Ron Paul: Congress Could End Obama’s Wars

The Trouble With Unconstitutional Wars

by Ron Paul

Our foreign policy was in the spotlight last week, which is exactly where it should be. Almost two years ago many voters elected someone they thought would lead us to a more peaceful, rational co-existence with other countries. However, while attention has been focused on the administration’s disastrous economic policies, its equally disastrous foreign policies have exacerbated our problems overseas. Especially in times of economic crisis, we cannot afford to ignore costly foreign policy mistakes. That’s why it is important that U.S. foreign policy receive some much needed attention in the media, as it did last week with the leaked documents scandal.

Many are saying that the Wikileaks documents tell us nothing new. In some ways this is true. Most Americans knew that we have been fighting losing battles. These documents show just how bad it really is. The revelation that Pakistani intelligence is assisting the people we are bombing in Afghanistan shows the quality of friends we are making with our foreign policy. This kind of thing supports points that Rep. Dennis Kucinich and I tried to make on the House floor last week with a privileged resolution that would have directed the administration to remove troops from Pakistan pursuant to the War Powers Resolution.

We are not at war with Pakistan. Congress has made no declaration of war. (Actually, we made no declaration of war on Iraq or Afghanistan either, but that is another matter.) Yet we have troops in Pakistan engaging in hostile activities, conducting drone attacks and killing people. We sometimes manage to kill someone who has been identified as an enemy, yet we also kill about 10 civilians for every 1 of those. Pakistani civilians are angered by this, yet their leadership is mollified by our billions in bribe money. We just passed an appropriations bill that will send another $7.5 billion to Pakistan. One wonders how much of this money will end up helping the Taliban. This whole operation is clearly counterproductive, inappropriate, immoral and every American who values the rule of law should be outraged. Yet these activities are being done so quietly that most Americans, as well as most members of the House, don’t even know about them.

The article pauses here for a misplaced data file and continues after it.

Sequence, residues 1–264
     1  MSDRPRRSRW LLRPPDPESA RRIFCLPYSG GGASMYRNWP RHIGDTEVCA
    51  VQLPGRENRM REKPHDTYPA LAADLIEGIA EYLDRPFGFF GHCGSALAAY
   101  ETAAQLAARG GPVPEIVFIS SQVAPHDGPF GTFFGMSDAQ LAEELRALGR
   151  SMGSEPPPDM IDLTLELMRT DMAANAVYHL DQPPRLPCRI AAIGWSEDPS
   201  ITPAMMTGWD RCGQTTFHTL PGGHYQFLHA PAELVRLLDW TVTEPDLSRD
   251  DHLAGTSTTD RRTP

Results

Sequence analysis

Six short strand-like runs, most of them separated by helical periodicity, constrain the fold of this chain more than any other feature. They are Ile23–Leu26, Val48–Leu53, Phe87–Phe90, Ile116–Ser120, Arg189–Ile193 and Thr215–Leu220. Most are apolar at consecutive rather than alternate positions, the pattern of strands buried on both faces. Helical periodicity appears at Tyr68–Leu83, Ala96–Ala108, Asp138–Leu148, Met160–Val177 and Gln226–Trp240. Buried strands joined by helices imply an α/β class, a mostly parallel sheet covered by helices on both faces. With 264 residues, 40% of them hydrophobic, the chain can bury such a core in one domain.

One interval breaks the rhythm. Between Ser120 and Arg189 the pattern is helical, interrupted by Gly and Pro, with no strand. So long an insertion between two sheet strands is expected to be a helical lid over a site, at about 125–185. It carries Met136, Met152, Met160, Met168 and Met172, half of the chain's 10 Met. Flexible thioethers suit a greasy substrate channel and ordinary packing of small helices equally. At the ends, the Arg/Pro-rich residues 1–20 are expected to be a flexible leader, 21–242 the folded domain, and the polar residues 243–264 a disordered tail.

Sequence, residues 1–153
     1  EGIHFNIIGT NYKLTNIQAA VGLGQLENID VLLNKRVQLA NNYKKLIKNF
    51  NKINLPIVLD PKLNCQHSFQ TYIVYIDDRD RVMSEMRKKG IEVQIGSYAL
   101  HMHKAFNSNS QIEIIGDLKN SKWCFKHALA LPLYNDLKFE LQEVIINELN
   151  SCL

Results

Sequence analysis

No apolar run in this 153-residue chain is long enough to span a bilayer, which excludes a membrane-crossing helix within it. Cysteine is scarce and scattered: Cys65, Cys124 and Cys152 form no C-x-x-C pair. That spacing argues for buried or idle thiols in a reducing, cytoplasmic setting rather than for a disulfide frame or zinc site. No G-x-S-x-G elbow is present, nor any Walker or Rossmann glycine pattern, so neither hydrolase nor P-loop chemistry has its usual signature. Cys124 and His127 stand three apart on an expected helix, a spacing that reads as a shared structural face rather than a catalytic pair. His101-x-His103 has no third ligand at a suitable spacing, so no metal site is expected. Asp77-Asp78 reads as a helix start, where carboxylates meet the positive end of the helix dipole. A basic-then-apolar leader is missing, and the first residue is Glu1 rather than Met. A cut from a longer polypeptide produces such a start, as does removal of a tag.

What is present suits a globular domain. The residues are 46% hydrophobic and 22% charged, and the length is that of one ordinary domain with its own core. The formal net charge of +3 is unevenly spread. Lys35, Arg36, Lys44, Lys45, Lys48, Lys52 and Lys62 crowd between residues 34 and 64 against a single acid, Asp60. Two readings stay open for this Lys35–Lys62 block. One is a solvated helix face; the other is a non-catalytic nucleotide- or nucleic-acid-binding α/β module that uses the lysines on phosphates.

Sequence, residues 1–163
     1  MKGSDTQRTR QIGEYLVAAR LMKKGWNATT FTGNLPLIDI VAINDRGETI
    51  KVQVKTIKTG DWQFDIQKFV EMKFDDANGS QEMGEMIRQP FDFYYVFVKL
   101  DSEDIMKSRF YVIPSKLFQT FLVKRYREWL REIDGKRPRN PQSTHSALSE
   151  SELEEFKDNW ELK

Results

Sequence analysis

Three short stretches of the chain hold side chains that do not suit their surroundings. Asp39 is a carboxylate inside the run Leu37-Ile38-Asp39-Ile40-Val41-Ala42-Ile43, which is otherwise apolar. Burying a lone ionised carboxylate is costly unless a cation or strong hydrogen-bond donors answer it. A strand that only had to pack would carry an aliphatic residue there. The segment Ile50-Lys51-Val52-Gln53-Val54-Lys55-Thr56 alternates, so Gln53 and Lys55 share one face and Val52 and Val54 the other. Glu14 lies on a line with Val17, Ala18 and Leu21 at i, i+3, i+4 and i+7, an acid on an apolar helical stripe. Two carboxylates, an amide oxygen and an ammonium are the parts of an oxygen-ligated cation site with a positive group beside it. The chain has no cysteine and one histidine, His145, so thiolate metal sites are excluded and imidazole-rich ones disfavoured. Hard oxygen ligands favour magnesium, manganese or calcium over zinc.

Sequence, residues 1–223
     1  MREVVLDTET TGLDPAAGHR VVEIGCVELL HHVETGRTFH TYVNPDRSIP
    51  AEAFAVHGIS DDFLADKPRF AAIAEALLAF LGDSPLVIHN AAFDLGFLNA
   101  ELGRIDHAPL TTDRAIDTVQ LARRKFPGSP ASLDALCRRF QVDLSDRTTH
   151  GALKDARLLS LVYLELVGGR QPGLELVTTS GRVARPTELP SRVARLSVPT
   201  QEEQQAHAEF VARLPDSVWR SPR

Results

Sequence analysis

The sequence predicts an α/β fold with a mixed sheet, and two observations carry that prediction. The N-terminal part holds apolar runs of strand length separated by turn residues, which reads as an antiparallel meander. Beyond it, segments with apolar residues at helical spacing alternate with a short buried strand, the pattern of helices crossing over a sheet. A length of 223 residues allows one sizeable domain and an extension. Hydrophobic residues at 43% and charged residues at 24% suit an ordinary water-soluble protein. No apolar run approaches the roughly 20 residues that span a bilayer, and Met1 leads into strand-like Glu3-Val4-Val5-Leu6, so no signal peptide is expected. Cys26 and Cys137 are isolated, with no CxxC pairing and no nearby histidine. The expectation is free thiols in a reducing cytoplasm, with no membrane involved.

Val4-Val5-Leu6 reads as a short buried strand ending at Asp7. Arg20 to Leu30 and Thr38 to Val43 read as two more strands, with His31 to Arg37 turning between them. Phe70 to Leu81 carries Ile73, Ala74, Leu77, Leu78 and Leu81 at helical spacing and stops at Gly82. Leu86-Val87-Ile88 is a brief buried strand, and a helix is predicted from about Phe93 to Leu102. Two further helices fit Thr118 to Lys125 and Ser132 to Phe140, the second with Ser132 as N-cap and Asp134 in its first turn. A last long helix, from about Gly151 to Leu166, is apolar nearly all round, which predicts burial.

We should follow constitutional protocol when going to war. It is there for a reason. If we are legitimately attacked, it is the job of Congress to declare war. We then fight the war, win it and come home. War should be efficient, decisive and rare. However, when Congress shirks its duty and just gives the administration whatever it wants with no real oversight or meaningful debate, wars are never-ending, wasteful, and political. Our so-called wars have become a perpetual drain on our economy and liberty.

The founders knew that heads of state are far too eager to engage in military conflicts. That is why they entrusted the power to go to war with the deliberative body closest to the people – the Congress. Decisions to go to war need to be supported by the people. War should not be covert or casual. We absolutely should not be paying off leaders of a country while killing their civilians without expecting to create a lot of new problems. This is not what America is supposed to be about.

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  • Jeremy

    The subject at hand!
    “Congress could end Obama’s wars”